For­mer cat­tle­man finds his niche by div­ing into cray­fish

Farmer fol­lows in­ter­est in aqua­cul­ture to red­claws

Warwick Daily News - South West Queensland Rural Weekly - - Front Page -

GEORDI OFFORD

Geordi.offord@ru­ral­weekly.com.au

DE­SPITE grow­ing up around cat­tle, a pas­sion for fish­ing had David Agnew hooked on a ca­reer in aqua­cul­ture.

Nine years ago he started Coon­doo Claw, a red­claw farm in Wolvi, northeast of Gympie.

“We pre­vi­ously looked at fish and bar­ra­mundi but it wasn’t the right time and not as user-friendly,” he said.

Mr Agnew said red­claw pro­duc­tion had fewer risks than fish.

“When you farm fish you have to al­ways make sure the wa­ter is the cor­rect tem­per­a­ture,” he said.

“With red­claw you have a bit more lee­way with those things.”

Cur­rently, Mr Agnew works in the fam­ily busi­ness, which makes fire­fighter uni­forms.

But in the com­ing months he’ll blow out the flame and dive into his busi­ness full time.

“It started as a hobby farm, but now it’s start­ing to look like the uni­form pro­duc­tion will go over­seas,” Mr Agnew said.

“Work­ing with them full time will al­low me to keep a closer eye on pests like wa­ter rats and other ver­min that get into the ponds.

“Be­cause I’m not home through­out the day a lot of the time I won’t know there’s a prob­lem un­til I har­vest.”

Above each pond there are nets that are fit­ted with a laser bird de­ter­rent sys­tem to keep hun­gry beaks away from the claw.

“Pest con­trol is pretty im­por­tant,” Mr Agnew said.

“If birds get into them they can eat up to 1kg of them.

“When wa­ter rats get in they can have a feed and then just kill them for the sake of it, like foxes do.”

Mr Agnew said he buys the lit­tle nip­pers when they are quite small and al­lows na­ture to take its course be­fore har­vest­ing.

The 12ha block is cur­rently set up with 20 ponds, with an­other 16 half-built.

“The ponds are all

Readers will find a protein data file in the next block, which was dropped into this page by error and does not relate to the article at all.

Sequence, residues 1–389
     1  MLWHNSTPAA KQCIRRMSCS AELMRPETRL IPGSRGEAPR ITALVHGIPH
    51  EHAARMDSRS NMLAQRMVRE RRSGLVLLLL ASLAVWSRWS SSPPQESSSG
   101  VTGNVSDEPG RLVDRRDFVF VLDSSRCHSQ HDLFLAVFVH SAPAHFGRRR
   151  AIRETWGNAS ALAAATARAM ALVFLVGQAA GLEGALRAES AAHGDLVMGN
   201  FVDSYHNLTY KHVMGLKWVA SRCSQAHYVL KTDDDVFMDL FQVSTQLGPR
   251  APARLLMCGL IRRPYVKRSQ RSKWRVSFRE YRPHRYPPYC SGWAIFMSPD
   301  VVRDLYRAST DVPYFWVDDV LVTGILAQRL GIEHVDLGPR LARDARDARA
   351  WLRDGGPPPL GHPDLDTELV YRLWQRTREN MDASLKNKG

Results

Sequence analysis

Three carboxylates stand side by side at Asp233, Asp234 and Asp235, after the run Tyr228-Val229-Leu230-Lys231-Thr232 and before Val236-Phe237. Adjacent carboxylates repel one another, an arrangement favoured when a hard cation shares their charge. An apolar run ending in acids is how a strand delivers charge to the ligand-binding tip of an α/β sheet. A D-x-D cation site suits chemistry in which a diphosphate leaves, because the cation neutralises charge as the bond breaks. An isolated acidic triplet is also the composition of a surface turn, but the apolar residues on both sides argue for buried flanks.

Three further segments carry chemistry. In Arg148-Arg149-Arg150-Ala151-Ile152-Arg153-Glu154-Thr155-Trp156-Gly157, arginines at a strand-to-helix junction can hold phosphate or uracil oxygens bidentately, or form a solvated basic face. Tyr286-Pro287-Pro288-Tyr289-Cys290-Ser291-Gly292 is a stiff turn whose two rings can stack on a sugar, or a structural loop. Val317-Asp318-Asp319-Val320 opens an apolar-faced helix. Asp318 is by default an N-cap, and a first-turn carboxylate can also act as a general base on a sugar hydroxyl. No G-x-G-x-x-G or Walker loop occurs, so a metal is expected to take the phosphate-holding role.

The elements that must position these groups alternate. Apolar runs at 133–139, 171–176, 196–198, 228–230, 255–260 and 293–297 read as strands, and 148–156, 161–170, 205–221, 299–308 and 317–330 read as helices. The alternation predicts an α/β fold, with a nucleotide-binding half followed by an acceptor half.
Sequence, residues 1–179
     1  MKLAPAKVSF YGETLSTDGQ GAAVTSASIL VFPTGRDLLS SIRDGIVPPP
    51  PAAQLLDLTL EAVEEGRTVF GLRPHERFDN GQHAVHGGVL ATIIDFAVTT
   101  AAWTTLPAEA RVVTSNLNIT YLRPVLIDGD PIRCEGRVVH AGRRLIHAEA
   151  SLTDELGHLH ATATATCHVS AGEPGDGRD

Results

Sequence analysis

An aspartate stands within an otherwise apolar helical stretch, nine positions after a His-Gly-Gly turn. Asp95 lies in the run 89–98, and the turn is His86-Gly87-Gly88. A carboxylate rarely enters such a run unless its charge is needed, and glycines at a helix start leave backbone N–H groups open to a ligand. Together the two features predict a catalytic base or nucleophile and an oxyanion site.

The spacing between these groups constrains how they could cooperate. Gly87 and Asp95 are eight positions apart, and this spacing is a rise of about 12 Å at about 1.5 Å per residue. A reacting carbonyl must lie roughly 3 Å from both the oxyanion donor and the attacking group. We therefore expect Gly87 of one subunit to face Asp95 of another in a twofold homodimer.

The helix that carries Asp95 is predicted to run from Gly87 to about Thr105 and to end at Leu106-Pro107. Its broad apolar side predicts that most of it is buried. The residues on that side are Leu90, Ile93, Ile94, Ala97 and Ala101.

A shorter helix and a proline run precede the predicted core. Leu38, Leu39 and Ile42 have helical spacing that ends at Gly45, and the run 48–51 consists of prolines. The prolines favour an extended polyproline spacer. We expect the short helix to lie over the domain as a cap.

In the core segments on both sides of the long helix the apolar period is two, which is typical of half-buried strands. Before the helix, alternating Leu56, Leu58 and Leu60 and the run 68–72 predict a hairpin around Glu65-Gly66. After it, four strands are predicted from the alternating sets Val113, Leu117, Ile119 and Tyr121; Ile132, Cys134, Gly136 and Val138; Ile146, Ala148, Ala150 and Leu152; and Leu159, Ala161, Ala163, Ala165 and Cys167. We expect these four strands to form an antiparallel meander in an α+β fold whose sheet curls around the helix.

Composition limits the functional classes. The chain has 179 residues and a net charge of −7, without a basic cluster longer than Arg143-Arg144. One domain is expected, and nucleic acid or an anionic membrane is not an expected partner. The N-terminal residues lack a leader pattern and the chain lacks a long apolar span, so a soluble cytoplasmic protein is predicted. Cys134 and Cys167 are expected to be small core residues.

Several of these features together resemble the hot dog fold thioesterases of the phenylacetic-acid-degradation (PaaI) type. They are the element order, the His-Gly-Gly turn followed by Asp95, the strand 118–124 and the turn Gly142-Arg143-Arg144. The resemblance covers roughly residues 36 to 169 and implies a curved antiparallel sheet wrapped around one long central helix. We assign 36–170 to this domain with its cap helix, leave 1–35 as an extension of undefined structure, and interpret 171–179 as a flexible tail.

50 x 20m,” he said.

“Af­ter ev­ery har­vest we have to let the wa­ter out so we have a plug at the bot­tom.

“Out of a har­vest we can get any­where be­tween 70 to 200kg per pond.”

He said the wa­ter goes into a set­tle­ment pond to keep it from run­ning off into other wa­ter­ways.

“From there the wa­ter is re­cy­cled,” he said.

Mr Agnew uses a flow trap method to har­vest.

“We put a bin at the top of the pond ramp and it has a chute of run­ning fresh­wa­ter and the red­claw walk up into the bin,” he said.

❝Work­ing

with them full-time will al­low me to keep a closer eye on pests like wa­ter rats.

— David Agnew

“It’s their nat­u­ral in­stinct to fol­low fresh­wa­ter so it’s a more nat­u­ral process.

“They can walk them­selves up there from when they’re un­der 1cm long.”

He said farm­ing red­claw full time would al­low him to ex­pand on his busi­ness.

“In the near fu­ture we’ll send them di­rectly to the Syd­ney Fish Mar­ket un­der our own brand,” Mr Agnew said.

PHOTO: CON­TRIB­UTED

EX­PAND­ING: 20 red­claw ponds are about to be­come 36 with an­other 16 ponds al­ready half-built.

PHOTOS: CON­TRIB­UTED

DIV­ING IN: Red­claw farmer David Agnew will be­gin farm­ing red­claw full time in the com­ing months.

Af­ter har­vest, wa­ter is let into a set­tling pond where it is then re­cy­cled.

Coon­doo Claw is lo­cated in Wolvi near Gympie and is owned by David and Michelle Agnew.

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